Having to work under a tyrannical boss can drive anyone insane. You dread coming to work; you lose your breathing space to your boss’ breathing down your neck the whole day, you’re always in defence mode because you could be attacked any second without warning…
The good news? According to a recent University of Central Florida study, people who’ve worked under horrible bosses are also likelier to be good bosses when they receive leadership opportunities.
With that in mind, whether you’re already in a managerial position or are eyeing one in the future, you need to know what makes a bad boss bad. Here are the six worst traits of bad managers that’ll drive just anyone up the wall.
P.S. Be the kind of boss you wish you had: learn how to manage yourself, guide others, and lead with empathy with SSA Academy’s WSQ course on applying emotional competence to manage self and others in a business context!
Bad managers don’t realise that they’re bad. In 2018, a study by The Predictive Index found that most problematic management habits are rooted in a lack of self-awareness.
This is telling; self-awareness is a huge component of emotional intelligence (EQ), which suggests that bad managers generally have low EQ.
It makes sense; so many other crucial leadership traits, such as empathy, hinge upon self-awareness. If you’re unaware of your own thoughts and feelings, you won’t be aware of others’ either, much less be able to manage them well.
Bad managers are self-serving. Instead of putting the needs of the team front and centre at all times, bad managers prioritise their own needs above everyone else’s.
A 2012 study by Stockholm University has shown that self-serving leaders have significant adverse effects on employees mental health, including symptoms of depression.
These are the managers who take credit for other people’s work, behave as though they’re above reproach, and lead by force instead of by example.
It comes down to having the wrong attitude and mindset about leadership. Treating it as a right instead of a duty breeds arrogant and self-centred management.
Bad managers always think they know best. As a consequence of being self-absorbed, they’re uninterested in listening to their employees’ opinions or feedback.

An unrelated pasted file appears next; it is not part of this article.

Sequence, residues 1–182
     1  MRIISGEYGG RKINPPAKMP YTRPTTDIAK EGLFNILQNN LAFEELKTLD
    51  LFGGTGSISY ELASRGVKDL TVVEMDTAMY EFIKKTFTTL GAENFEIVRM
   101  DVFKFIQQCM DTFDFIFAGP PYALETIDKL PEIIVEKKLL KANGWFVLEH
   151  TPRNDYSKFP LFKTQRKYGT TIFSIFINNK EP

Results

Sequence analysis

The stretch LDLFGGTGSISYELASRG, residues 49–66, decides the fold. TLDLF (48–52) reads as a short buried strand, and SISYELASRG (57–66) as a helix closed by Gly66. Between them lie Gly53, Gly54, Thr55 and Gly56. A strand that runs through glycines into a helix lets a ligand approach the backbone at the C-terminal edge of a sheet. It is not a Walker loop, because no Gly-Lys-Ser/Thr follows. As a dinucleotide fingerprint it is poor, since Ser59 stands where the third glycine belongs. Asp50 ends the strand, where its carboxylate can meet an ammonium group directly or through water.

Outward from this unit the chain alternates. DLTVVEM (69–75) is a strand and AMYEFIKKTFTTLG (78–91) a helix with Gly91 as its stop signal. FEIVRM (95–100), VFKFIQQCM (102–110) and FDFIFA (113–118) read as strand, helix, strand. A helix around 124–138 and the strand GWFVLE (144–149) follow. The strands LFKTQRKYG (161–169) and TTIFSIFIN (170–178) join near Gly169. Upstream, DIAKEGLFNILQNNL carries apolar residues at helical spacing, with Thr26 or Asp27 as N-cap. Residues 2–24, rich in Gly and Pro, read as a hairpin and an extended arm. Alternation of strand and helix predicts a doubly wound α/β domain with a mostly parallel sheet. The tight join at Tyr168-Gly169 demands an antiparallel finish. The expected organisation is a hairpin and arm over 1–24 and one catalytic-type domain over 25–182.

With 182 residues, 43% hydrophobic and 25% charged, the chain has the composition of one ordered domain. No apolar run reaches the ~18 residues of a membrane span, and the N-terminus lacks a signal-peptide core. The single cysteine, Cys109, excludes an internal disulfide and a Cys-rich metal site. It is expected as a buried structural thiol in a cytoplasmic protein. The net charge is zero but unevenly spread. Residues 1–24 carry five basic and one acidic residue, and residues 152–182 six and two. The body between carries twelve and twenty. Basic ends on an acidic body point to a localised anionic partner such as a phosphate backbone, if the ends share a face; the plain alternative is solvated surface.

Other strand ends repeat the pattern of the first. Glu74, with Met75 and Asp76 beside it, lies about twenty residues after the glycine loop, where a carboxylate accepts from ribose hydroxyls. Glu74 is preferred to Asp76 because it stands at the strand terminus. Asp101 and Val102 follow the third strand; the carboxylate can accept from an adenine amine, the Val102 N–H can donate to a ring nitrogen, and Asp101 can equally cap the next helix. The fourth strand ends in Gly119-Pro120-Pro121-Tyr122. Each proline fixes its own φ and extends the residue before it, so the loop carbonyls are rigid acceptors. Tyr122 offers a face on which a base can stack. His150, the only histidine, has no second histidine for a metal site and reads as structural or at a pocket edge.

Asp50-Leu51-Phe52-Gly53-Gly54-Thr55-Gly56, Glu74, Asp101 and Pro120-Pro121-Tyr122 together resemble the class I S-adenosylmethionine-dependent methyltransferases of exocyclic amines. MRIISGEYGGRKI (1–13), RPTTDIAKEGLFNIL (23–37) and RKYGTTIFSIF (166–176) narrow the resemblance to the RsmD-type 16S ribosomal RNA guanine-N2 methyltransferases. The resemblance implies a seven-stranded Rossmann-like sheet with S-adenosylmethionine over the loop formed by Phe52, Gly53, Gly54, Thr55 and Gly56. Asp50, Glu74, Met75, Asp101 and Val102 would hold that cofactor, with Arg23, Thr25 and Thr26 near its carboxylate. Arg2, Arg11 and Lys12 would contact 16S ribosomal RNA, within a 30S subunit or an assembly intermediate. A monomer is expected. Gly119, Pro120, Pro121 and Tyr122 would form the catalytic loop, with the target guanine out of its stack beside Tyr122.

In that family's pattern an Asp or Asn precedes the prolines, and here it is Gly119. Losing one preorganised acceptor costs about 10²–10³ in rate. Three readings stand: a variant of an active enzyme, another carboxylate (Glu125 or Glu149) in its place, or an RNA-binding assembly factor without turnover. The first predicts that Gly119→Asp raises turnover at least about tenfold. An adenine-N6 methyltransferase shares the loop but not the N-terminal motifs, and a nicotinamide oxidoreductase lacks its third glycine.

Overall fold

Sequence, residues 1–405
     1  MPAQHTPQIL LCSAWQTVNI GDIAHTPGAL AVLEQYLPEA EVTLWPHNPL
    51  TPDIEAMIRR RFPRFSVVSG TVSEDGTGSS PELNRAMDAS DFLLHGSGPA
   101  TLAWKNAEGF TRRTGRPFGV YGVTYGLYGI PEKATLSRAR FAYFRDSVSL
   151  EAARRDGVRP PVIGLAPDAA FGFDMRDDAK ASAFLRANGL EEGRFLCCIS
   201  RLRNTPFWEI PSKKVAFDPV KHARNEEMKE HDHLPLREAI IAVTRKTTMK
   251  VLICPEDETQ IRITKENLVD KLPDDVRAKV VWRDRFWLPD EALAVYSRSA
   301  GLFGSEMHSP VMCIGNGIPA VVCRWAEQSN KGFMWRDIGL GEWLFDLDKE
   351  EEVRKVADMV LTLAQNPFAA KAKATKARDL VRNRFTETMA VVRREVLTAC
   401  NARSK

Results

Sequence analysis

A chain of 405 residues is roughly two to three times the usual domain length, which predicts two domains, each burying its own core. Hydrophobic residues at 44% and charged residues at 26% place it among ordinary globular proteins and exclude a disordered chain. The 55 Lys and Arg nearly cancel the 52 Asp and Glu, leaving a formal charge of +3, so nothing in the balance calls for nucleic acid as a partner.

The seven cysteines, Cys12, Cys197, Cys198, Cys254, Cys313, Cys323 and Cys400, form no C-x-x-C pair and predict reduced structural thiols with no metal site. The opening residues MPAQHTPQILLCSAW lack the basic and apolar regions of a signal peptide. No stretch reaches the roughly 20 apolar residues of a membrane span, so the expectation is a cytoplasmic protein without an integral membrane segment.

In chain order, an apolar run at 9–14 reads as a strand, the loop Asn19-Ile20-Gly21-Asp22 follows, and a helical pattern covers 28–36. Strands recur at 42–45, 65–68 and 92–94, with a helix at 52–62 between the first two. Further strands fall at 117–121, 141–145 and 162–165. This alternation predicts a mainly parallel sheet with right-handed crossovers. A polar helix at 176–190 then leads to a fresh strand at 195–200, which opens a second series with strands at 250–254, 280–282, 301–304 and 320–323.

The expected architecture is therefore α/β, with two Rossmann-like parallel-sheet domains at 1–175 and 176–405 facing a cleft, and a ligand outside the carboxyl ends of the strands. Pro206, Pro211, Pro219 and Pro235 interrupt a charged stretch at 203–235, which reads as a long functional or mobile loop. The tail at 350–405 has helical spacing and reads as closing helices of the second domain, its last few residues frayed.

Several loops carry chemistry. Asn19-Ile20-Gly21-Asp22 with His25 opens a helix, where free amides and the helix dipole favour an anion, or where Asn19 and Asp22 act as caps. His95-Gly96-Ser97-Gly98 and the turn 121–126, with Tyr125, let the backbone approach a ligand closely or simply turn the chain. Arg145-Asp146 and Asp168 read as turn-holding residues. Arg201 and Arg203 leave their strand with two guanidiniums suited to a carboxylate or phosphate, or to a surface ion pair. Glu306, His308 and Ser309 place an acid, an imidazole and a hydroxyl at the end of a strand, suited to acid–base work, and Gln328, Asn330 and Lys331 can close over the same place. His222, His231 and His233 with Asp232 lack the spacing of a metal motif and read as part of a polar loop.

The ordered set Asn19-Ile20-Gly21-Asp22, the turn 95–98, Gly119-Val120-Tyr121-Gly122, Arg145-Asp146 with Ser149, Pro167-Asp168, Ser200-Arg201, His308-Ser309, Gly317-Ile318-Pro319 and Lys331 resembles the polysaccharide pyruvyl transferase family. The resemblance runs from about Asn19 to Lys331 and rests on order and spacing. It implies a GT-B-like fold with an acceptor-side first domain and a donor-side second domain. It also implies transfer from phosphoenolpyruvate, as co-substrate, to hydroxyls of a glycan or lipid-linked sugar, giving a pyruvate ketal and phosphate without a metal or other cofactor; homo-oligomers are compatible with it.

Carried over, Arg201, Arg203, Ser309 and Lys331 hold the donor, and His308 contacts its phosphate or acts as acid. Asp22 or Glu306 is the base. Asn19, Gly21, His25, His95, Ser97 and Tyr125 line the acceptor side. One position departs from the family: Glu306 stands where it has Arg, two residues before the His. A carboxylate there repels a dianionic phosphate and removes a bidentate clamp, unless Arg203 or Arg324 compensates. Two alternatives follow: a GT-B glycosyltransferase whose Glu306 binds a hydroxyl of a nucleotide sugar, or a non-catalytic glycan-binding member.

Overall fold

They also tend to be unwilling to empathise with their people. To them, what need is there to listen and understand when all that’s left to do is “do as I say”?
When managers turn a deaf ear to their employees’, they fail to meet their needs and spur employee disengagement. If you feel that your needs as an employee are being neglected and that your input has very little value, you won’t feel valued, motivated, or engaged at work.
Bad managers gossip about their employees. Nothing creates an atmosphere of distrust at work like finding out that your boss has been badmouthing you to another co-worker.
Often unhesitant about playing favourites in the office, these kinds of managers worsen office politics by intentionally pitting employees against one another.
Worst of all, managers who do this destroy any sense of psychological safety at work. By putting their employees in a state of perpetual self-defensiveness, they also kill collaboration and severely weaken team spirit.
Bad managers can’t relinquish control and delegate authority to their employees. Back in 2008, Google’s Project Oxygen found that micromanagement was one of the biggest reasons for pushback against management.
When people feel don’t feel autonomous at work, they get the sense that they’re not being trusted or respected enough to do their job well. This, in turn, puts a major dampener on morale and engagement.
Unlike the previous items on the list, though, micromanagement is less rooted in toxic beliefs. According to a 2017 Forbes article, 48% of leaders micromanage because they fear feeling unneeded and irrelevant.
Hence, they turn to micromanaging to feel justified in their leadership roles instead of sharpening their leadership skills.
Bad managers don’t communicate well with their people. Specifically, they either don’t give enough feedback, or they give too much of it.
The same study by The Predictive Index mentioned above also found that the lowest-rated managers were those who didn’t give feedback at all and those who gave too much of it.
This is understandable; too little feedback conveys relative apathy about employee development, but too much of it is suffocating and overbearing.
The best employees know how to appreciate constructive criticism; waiting until the yearly performance review to give it isn’t going to sit well with them.